"Peter Torrelli, Falling Apart," which has one of the best endings in the collection, is set in Chicago, where Makkai lives most of the year. (She spends summers in Vermont.) The city's landmark restaurant, the Berghoff, is closing, so the time could be 2006. The narrator and the Peter of the title, both gay men in their mid-thirties, have known each other since high school. Peter, once a charismatic and handsome actor, underwent a moment of disillusionment on the stage and can't convincingly act anymore; his agent has left him, and auditions are dead ends. The narrator observes that Peter is also falling apart physically, from AIDS, drug addictions or both; Peter doesn't say. Lamenting his need to keep acting anyway, Peter declares, "We're living in this terrible world of wars and broken hearts and starvation, but some of us are compelled to make art, like that's supposed to help anything."

In that story, the narrator never quite grasps Peter's point, just as he can't quite see that he loved and still loves Peter. But the necessity of art does dawn on the narrator of the final story. The title "The Museum of the Dearly Departed" refers to a memorial a sculptor creates using found objects donated by the families of the casualties of a nighttime gas leak in an apartment building.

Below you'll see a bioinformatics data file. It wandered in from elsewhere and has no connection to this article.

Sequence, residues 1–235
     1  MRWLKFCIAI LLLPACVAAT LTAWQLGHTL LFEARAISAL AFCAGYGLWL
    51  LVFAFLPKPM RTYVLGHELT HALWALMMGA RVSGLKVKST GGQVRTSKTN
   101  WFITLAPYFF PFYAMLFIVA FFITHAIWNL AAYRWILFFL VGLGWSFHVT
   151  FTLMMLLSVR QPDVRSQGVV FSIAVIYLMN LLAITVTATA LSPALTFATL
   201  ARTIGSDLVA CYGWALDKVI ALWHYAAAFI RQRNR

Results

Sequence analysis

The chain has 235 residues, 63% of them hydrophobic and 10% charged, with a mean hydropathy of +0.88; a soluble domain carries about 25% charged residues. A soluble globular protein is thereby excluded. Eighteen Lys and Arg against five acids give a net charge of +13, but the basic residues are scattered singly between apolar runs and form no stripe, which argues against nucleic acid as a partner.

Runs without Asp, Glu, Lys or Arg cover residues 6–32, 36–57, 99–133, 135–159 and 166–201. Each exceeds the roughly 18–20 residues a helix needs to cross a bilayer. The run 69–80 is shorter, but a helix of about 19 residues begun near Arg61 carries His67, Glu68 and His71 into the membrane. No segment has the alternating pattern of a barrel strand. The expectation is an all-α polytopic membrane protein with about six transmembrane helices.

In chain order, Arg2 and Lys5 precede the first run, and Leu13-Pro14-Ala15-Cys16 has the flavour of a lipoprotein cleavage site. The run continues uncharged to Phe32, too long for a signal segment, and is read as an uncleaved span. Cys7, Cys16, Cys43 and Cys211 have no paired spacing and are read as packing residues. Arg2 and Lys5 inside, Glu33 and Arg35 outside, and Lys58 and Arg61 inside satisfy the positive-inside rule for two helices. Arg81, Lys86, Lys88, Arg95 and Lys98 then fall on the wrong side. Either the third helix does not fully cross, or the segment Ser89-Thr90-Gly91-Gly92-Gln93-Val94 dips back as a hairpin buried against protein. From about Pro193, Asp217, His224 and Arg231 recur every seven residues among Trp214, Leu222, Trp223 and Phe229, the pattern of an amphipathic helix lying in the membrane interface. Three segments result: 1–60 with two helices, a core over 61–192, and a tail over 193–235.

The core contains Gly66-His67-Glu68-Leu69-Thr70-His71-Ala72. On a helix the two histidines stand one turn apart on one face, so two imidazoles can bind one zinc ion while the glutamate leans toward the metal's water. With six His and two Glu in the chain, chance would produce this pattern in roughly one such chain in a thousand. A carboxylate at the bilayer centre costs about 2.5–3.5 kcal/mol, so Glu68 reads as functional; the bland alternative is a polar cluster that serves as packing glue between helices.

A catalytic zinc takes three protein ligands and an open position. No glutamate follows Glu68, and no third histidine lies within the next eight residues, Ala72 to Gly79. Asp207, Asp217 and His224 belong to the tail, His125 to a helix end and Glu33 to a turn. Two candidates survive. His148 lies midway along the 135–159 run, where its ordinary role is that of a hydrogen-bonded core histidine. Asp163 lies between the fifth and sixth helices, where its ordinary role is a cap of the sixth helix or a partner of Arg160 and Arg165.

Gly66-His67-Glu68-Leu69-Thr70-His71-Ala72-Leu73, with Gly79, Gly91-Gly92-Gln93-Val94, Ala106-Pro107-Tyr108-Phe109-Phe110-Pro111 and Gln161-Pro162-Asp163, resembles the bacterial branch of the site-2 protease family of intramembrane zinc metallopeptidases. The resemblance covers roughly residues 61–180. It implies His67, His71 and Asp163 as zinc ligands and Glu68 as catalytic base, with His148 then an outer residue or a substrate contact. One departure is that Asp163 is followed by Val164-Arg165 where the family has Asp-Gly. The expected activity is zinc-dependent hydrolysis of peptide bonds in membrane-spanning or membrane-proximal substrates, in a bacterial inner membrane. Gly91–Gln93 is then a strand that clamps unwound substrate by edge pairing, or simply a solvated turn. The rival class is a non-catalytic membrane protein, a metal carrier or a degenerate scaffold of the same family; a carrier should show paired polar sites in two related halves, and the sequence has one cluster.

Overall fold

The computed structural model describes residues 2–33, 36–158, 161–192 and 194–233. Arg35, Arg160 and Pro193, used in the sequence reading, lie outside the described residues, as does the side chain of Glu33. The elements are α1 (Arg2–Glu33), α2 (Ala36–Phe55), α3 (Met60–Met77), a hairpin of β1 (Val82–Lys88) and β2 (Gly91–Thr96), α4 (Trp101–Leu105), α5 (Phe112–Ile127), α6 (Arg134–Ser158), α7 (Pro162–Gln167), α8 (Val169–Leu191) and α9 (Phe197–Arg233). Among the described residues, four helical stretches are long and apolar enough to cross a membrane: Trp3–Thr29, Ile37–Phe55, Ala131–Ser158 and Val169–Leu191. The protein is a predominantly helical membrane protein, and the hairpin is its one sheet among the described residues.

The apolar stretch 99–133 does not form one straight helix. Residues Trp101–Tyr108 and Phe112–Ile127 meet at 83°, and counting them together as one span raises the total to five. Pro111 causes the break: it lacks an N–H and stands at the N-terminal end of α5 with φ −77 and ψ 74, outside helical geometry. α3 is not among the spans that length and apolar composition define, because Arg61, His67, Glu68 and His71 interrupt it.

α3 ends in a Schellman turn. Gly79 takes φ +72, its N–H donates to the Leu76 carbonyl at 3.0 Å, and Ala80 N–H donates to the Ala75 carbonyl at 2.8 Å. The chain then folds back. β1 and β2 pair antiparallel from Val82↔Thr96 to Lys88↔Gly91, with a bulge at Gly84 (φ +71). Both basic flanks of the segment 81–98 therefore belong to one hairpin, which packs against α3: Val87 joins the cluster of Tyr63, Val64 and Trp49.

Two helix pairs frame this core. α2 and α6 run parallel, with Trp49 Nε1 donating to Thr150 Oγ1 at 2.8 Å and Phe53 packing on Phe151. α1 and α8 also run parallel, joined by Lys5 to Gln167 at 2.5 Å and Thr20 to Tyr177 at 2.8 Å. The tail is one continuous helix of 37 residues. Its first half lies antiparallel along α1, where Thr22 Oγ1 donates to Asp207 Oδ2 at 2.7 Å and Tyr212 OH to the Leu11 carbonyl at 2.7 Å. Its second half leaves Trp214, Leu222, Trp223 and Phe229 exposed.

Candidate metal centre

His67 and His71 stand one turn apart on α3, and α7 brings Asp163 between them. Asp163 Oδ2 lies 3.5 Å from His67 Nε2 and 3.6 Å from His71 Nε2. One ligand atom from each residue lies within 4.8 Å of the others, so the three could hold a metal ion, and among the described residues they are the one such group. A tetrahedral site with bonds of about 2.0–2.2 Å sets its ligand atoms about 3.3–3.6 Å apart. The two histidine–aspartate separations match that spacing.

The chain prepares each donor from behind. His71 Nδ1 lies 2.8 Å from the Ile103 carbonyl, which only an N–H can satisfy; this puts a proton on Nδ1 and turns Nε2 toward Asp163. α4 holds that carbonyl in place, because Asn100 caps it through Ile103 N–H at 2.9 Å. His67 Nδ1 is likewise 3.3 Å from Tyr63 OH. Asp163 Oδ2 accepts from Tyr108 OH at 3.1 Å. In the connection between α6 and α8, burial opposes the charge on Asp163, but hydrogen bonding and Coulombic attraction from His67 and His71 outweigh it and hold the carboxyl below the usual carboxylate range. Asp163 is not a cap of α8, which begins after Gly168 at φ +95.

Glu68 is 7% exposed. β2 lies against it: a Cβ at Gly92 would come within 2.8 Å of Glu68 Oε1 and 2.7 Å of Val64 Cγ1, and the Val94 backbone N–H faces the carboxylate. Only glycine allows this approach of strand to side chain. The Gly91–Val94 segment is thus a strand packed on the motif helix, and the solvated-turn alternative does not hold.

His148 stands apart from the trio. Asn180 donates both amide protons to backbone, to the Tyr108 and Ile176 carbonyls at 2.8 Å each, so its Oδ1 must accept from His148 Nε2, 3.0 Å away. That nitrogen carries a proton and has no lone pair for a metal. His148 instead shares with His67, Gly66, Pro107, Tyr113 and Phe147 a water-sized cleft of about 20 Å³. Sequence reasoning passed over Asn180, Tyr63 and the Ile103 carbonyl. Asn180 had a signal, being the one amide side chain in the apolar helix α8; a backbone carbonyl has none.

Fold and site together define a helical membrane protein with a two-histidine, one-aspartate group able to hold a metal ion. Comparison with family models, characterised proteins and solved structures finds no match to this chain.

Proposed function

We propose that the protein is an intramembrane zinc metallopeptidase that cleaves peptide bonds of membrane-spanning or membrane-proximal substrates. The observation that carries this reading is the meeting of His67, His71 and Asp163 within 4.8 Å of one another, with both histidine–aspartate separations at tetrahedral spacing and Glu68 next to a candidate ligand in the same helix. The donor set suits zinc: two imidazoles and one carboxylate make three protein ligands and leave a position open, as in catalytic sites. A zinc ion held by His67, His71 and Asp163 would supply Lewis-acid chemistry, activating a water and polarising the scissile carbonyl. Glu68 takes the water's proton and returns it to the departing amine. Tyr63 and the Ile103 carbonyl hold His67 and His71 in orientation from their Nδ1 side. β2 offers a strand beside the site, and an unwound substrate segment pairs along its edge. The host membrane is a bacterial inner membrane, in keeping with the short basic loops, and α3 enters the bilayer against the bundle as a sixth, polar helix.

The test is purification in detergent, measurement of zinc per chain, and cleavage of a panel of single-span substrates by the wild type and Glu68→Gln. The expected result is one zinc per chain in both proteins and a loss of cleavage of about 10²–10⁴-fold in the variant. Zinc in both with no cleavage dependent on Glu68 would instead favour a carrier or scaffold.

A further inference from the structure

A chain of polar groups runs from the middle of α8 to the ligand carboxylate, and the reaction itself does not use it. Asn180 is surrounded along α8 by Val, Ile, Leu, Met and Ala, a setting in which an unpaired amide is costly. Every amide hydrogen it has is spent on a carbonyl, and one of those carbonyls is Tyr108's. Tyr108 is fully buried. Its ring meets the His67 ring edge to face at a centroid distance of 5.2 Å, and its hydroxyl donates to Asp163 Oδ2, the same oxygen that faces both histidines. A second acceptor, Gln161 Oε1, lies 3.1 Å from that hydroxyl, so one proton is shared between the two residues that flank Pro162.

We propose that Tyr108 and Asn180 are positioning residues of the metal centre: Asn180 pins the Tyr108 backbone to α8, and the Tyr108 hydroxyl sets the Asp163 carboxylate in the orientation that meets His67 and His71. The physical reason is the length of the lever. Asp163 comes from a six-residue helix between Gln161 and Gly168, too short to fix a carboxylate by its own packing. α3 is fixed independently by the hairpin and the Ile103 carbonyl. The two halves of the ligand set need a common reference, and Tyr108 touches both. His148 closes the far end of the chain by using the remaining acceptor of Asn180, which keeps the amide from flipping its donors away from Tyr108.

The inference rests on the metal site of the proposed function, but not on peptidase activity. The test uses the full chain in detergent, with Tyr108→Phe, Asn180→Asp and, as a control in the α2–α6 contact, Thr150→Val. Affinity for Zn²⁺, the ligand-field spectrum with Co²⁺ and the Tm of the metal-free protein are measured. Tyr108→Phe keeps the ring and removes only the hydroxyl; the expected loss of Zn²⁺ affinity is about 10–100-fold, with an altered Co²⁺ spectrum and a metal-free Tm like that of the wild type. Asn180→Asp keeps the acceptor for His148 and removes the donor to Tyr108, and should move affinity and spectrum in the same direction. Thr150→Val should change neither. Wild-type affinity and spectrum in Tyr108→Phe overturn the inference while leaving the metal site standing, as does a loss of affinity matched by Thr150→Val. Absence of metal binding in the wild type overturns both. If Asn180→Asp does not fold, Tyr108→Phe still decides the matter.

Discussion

The female narrator accuses the sculptor of responding superficially to the tragedy with such a creation: "You look into it from the outside, and you have a few little relics, and you try to put a narrative around them, decipher them, but really you're never going to know."

The sculptor has a powerful rebuttal: What she has described, he says, is exactly what not only artists but "survivors" must do. It is also, in fact, precisely what Makkai is doing with her family stories in the memoir pieces. It's an old story — art as therapy — but in Makkai's hands it is a good one.